Just as the benefits of generative AI are easy to spot—and even rally behind—with enthusiasm, there are pitfalls which can only be framed as questions at present. Are the AI outputs really any good, practical, or useful? How can we trust their quality, and should we? What if the data sets were trained with an inherent bias, either cultural or formal? Is having more design options necessarily a good thing? How about the mountain of possible intellectual property and copyright issues? Can machines really acknowledge and synthesize the complex array of project-specific contexts and constraints with sensitivity and elegance? How about liability concerns? Will staffing levels be forever changed in a world where so much more can be accomplished with fewer resources? Will there be a loss of craft and skill over time as human intelligence is outsourced? How will this change architectural education?

As bewildering as such questions may seem, there is a group uniquely positioned to navigate through the uncertainty: architects.   

As custodians of a multi-disciplinary process that can last years, architects are looked upon to provide collaborative leadership through the design process. Making sense of often competing cultural, economic, poetic, technical, functional, and sustainability objectives is a core job description.  While AI stands to transform how some of the visual products of design are produced, the design process itself will remain a complex collaborative act, so long as the need to synthesize the disparate concerns of human beings remains.     

Similarly, architects are harmonizers of complexity. While AI may reduce the complexity involved in performing certain discrete tasks (such as producing multiple rendered design options), its widespread adoption may indeed amplify the complexity of the design process as a whole. If AI’s alluring promise of democratizing design through its compelling outputs and ease of use is met, architects may find themselves cast in the role of ‘curator’ instead of ‘creator’ at times, as the sheer volume of design ideas brought to the table mounts. In such a role, hard-earned abilities such as context sensitivity, compositional discernment, and multi-disciplinary coordination may be more essential than ever to separate the signal from the noise.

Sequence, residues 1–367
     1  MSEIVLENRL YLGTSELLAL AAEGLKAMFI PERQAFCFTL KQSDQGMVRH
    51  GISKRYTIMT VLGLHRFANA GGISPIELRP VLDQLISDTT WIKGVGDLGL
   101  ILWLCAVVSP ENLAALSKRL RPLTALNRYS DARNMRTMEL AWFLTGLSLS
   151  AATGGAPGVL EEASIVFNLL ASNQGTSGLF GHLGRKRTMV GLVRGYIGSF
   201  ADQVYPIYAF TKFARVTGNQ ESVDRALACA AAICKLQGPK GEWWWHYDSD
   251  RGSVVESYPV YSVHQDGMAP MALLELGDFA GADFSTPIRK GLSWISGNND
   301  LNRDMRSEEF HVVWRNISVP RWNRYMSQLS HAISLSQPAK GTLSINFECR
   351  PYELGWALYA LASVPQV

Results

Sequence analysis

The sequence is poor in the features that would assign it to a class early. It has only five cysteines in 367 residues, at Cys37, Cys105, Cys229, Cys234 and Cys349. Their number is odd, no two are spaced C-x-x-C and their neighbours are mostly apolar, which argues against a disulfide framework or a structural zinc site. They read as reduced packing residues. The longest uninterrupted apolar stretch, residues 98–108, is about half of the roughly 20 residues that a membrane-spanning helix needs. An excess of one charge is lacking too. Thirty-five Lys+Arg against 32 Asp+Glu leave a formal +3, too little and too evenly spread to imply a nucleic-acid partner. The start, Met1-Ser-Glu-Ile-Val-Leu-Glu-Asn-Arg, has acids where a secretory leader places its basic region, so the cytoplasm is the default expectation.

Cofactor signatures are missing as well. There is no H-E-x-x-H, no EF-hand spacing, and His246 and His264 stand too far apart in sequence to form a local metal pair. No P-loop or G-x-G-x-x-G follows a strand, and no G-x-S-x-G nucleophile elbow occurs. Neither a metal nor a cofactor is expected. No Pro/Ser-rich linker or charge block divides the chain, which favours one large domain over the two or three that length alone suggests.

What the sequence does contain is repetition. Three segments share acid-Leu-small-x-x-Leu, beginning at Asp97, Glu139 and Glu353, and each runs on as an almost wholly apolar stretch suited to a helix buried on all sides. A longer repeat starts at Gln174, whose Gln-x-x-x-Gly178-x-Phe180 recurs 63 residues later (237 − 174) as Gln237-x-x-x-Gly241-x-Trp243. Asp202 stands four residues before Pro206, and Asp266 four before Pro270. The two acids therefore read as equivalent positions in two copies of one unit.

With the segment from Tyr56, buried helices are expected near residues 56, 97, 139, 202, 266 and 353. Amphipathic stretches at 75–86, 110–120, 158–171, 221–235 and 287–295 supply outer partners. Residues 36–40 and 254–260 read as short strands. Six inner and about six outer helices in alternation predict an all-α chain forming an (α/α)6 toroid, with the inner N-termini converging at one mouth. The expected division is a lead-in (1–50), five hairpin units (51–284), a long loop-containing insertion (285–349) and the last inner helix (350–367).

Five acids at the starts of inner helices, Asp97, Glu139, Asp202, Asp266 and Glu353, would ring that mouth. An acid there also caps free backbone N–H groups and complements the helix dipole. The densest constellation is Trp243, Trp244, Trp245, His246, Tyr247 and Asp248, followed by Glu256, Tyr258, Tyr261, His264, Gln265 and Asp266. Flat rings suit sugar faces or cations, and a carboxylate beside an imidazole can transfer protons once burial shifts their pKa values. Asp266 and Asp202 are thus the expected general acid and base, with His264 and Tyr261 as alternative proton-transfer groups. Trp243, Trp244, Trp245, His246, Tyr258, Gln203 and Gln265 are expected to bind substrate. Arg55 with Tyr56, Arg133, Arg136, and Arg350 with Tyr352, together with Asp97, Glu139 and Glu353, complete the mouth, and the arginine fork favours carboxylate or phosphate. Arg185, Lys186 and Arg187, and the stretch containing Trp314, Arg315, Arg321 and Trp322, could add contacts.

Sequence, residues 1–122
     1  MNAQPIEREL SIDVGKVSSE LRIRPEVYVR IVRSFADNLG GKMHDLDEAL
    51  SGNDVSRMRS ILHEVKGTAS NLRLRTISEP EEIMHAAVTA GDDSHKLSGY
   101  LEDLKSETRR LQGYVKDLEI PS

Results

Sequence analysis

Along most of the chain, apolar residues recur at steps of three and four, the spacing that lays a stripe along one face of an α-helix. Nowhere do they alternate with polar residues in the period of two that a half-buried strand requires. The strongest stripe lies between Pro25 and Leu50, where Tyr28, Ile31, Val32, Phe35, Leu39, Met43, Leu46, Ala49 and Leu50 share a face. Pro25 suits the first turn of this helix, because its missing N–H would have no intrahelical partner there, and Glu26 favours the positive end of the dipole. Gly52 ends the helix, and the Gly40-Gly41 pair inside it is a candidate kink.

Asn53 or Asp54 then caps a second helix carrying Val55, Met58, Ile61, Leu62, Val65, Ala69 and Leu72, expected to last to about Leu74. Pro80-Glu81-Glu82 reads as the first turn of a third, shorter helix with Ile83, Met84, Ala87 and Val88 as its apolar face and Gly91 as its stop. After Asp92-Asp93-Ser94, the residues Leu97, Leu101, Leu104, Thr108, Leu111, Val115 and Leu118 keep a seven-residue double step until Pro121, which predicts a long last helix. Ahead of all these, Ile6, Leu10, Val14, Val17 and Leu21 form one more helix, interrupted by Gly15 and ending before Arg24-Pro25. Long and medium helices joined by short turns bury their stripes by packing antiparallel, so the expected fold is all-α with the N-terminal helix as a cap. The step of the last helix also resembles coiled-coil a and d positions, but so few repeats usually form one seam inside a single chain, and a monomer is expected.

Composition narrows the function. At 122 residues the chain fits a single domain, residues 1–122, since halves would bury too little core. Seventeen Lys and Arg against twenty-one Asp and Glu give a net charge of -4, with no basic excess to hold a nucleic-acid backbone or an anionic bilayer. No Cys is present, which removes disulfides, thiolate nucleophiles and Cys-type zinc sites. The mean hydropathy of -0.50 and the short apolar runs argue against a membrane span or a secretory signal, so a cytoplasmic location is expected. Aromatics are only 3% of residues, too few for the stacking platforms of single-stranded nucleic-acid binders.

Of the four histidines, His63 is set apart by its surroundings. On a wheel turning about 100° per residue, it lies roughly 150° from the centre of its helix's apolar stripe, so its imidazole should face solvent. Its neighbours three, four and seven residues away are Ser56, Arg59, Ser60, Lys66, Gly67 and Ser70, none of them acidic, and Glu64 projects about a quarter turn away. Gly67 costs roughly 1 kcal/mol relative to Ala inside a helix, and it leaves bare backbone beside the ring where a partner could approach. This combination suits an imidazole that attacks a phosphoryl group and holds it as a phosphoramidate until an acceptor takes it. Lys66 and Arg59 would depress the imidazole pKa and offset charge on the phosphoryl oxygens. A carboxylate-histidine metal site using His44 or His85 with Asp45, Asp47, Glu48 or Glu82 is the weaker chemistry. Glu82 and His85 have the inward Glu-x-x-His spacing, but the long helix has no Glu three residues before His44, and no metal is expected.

Deep down, architecture is concerned with human well-being. As such, architects often find themselves taking on some big questions: Will a design enhance the psychological and emotional well-being of its users? Will it foster an environment conducive to positive social interaction and human connections? Will it be sensitive to the cultural identities and traditions of its occupants? Can it adapt to changing circumstances to support long-term well-being? Will it be comfortable?     

AI’s image-making power will not answer these questions with the click of a mouse. It may, however, offer the gift of time found through the automation of the repetitive tasks baked into the process of image generation by conventional means. In this sense, AI stands to augment architects’ capabilities, and to encourage greater focus on leading a complex and collaborative process in the service of human well-being.  

John van Hemert, Architect, AAA, CPHD, MRAIC is a practicing architect in the province of Alberta. He holds a Master’s degree in Architecture from the University of Calgary. His interest in Artificial Intelligence and its effects on culture began while completing his Bachelor of Arts degree in Science, Technology, and Society, also from the University of Calgary. Before becoming an architect, John was a computer programmer specializing in the design of large data structures.